In a significant development in the case of US political prisoner Mumia Abu-Jamal, Federal Judge William Yohn on January 20 allowed defense attorneys to file a new motion charging extreme bias on the part of Judge Albert Sabo, who presided over Abu-Jamal's 1982 trial and subsequent appeals.
Abu-Jamal has been on Pennsylvania's death row for the past 18 years after being framed up for the shooting death of Philadelphia policeman Daniel Faulkner. The 100-page motion and memorandum requests Judge Yohn to “review for reasonableness the State Court's Finding of Fact” in the 1982 trial and post-conviction relief hearings.
Albert Sabo, who is now retired, is a lifetime member of the Fraternal Order of Police. During his time on the bench he sentenced 32 defendants to death, more than any other judge in the country.
Attorneys representing the Pennsylvania District Attorney's office wanted the “Findings of Fact” excluded from the record. They maintained that under the Anti-Terrorism and Effective Death Penalty Act, signed into law by Bill Clinton in 1996, a federal judge is bound by the findings of the state courts. The 1996 law severely restricts the ability of federal courts to overturn decisions in state trials. However Judge Yohn rejected the arguments of the Pennsylvania DA's office.
The “Findings of Fact” motion details that at the 1995 state court appeal, Judge Sabo ruled that decisions made in the 1982 municipal court trial were correct. The appeal hearing took place after Pennsylvania Governor Tom Ridge had signed the first death warrant for Abu-Jamal. Sabo quashed over two dozen subpoenas and denied without any explanation the defense request for pre-hearing discovery.
Sabo also ruled in 1995 that witnesses who said they had been pressured and threatened by police to give false testimony in 1982 were not credible. He ruled that every prosecution witness had been truthful, while every defense witness had been untruthful, and barred the admission of witnesses and documents critical to Abu-Jamal's defense.
In 1997 the Pennsylvania State Supreme Court upheld Sabo's denial of Abu-Jamal's appeal for a new trial. Abu-Jamal's lawyers contend that the “Findings of Fact” show that their client was “denied a full and fair hearing” when the state Supreme Court upheld his death sentence.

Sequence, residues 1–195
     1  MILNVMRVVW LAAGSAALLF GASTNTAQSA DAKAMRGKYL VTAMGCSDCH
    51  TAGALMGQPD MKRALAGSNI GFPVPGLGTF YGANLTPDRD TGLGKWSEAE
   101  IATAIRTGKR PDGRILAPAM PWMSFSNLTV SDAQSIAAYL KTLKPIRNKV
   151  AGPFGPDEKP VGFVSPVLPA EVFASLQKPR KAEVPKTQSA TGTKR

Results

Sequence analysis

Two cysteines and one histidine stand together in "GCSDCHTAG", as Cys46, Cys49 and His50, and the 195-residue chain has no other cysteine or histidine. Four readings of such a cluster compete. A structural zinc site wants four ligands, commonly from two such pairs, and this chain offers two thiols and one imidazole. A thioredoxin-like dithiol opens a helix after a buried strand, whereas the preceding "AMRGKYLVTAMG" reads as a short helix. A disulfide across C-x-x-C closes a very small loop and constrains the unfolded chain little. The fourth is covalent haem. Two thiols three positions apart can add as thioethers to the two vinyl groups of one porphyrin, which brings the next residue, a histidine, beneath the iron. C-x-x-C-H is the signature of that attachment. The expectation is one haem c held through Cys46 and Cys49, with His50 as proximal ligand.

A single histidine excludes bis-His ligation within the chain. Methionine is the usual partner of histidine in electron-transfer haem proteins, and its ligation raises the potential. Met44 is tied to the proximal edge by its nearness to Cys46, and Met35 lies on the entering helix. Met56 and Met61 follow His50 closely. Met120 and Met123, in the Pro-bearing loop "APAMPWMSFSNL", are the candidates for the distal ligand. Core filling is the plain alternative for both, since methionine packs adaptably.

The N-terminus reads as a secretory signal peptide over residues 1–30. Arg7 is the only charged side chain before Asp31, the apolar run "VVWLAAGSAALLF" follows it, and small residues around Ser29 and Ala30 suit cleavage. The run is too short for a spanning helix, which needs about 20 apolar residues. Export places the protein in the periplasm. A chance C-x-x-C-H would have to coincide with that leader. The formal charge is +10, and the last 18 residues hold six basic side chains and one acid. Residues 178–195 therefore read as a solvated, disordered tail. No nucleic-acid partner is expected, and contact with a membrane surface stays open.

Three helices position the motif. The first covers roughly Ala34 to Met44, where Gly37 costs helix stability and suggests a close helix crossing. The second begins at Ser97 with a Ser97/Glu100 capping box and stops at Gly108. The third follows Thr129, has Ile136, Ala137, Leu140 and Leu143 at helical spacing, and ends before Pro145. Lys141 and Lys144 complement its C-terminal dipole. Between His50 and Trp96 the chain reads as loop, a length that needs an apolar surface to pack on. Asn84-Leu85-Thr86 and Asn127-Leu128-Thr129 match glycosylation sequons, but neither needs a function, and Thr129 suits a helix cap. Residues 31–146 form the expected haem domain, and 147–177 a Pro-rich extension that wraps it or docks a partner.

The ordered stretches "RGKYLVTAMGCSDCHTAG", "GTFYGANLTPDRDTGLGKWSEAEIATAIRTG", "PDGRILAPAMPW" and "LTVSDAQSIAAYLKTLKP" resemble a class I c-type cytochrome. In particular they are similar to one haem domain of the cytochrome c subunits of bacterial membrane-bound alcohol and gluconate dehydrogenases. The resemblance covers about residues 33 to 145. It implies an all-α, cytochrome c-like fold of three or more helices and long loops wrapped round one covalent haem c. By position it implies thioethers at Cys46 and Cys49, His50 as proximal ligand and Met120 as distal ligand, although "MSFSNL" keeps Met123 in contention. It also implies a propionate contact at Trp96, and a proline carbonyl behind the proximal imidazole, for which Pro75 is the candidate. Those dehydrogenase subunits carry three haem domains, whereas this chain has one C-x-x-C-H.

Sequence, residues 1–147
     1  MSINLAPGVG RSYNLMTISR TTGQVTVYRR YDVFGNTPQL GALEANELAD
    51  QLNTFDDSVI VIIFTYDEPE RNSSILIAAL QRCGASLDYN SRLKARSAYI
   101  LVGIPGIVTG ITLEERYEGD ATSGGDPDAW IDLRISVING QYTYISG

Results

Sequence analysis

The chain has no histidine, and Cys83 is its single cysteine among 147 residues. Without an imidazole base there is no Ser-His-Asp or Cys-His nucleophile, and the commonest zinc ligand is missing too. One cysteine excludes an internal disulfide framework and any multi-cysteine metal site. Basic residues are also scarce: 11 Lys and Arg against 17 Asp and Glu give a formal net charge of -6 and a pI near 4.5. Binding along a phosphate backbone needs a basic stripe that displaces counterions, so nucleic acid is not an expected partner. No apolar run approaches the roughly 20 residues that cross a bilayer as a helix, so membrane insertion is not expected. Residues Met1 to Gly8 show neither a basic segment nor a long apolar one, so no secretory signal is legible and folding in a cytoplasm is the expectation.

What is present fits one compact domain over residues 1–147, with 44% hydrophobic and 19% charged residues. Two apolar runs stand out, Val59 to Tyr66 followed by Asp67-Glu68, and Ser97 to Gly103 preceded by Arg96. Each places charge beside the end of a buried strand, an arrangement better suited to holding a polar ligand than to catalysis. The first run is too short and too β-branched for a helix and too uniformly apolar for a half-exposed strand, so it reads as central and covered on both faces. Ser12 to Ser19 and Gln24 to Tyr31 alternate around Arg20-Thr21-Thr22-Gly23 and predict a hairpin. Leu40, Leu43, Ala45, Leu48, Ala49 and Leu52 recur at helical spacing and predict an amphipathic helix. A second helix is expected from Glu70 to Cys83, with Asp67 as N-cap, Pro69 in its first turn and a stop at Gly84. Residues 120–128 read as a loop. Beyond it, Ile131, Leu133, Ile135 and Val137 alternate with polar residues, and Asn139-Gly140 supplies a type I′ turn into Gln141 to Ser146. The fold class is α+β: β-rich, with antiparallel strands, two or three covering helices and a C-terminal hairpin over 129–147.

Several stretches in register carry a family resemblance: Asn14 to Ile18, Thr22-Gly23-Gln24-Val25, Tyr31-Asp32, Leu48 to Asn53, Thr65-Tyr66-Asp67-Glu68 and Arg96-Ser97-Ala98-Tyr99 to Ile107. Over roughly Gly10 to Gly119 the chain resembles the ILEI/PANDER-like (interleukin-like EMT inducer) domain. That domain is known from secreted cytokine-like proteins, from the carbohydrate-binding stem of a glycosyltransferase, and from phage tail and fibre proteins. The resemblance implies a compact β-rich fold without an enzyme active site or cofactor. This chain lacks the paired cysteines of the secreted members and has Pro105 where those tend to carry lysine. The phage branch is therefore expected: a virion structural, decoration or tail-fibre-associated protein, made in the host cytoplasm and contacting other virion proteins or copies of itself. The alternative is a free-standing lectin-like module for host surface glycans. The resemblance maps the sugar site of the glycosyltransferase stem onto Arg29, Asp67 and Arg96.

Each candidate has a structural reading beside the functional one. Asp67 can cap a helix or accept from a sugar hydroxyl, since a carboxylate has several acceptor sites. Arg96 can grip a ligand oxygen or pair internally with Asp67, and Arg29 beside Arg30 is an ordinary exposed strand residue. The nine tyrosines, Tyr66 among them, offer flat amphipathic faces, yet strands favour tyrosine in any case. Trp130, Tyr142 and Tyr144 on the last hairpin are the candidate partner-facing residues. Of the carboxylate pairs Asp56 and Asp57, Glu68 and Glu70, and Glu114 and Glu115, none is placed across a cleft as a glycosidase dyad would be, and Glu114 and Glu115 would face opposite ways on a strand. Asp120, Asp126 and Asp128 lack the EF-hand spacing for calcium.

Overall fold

Judge Yohn will now be able to review a petition for Habeas Corpus filed last October 15 and the “Findings of Fact” in making his decision on whether or not to allow an evidentiary hearing, where witnesses can provide testimony, in determining whether there is a basis for a new trial. If such a hearing were granted it would strengthen the case of the defense in demonstrating that their client was the victim of a frameup. A decision on how the court will proceed is expected sometime in early April.
In a related legal development, the Pennsylvania Supreme Court has ordered the review of the murder conviction of a Philadelphia man to determine if the prosecutor improperly kept African-Americans off of his jury. Though it called the evidence of his guilt “overwhelming”, the Court ordered Philadelphia Common Pleas Judge David Savitt to review the case of William Basemore, who was convicted by a jury in 1988 and given the death sentence.
The decision reopens a 1997 controversy that was sparked when Philadelphia District Attorney Lynne Abraham, running for re-election, released a ten-year old videotape of her Republican opponent, Jack McMahon. In the training video for novice prosecutors, McMahon advised them to keep African-Americans from low-income neighborhoods off of juries because they are “less likely to convict.” It also advised against picking young black women because they tended to show “antagonism” to law enforcement officials, and advised keeping “smart” people off as well. Basemore's case was prosecuted by McMahon when he was a district attorney.
The McMahon tape has been one of the issues in Mumia Abu-Jamal's case. In May 1997, the Pennsylvania Supreme Court denied admission of the tape as evidence. Abu-Jamal has repeatedly protested the jury selection process at his 1982 trial.
At the 1995 appeal before Judge Sabo, Abu-Jamal was prevented from presenting evidence that race-conscious jury selection of nearly all-white juries was a routine practice of Philadelphia prosecutors. He was also barred from introducing a study that showed the DA's office struck African-Americans from jury service 55.3 percent of the time, as opposed to 23.4 percent for non African-Americans.
Support for Mumia Abu-Jamal, who has become well-known as an opponent of police brutality, racism and the death penalty, continues to build in the United States and internationally. On January 12, three officials of the Civil Rights Division of the US Department of Justice met with a twelve-member delegation representing the International Committee to Save the Life of Mumia Abu-Jamal.
The delegation included trade union officials, a number of human rights organizations such as Amnesty International, and members of the National Lawyers Guild. They presented an “Open Letter to Bill Clinton” signed by hundreds of thousands of people around the world, requesting an investigation into Abu-Jamal's case by the US Justice Department. Although a well-attended press conference took place with reporters from both the American and international press corps, it was blacked out by the US news media.